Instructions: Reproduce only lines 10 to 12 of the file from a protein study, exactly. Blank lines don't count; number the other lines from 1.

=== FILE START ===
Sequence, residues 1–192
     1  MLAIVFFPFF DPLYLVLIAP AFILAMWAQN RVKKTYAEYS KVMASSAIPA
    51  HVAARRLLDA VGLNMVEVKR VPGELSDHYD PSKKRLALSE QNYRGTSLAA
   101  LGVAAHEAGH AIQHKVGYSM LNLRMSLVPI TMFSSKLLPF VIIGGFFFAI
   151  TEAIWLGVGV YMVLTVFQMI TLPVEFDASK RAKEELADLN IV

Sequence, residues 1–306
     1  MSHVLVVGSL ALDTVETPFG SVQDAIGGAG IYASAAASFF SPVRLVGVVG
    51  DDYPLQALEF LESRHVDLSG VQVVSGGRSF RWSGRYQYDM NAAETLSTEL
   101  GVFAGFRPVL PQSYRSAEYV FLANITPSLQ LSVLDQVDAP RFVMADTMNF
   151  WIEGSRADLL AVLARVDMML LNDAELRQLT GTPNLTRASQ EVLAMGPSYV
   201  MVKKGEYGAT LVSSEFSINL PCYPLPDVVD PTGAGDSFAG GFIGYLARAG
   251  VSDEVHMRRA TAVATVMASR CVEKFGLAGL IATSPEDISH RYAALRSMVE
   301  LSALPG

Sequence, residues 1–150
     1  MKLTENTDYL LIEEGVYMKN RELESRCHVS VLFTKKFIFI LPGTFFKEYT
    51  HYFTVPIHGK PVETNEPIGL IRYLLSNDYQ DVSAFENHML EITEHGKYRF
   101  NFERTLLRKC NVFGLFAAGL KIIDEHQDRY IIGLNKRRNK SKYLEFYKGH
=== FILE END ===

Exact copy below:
   151  WIEGSRADLL AVLARVDMML LNDAELRQLT GTPNLTRASQ EVLAMGPSYV
   201  MVKKGEYGAT LVSSEFSINL PCYPLPDVVD PTGAGDSFAG GFIGYLARAG
   251  VSDEVHMRRA TAVATVMASR CVEKFGLAGL IATSPEDISH RYAALRSMVE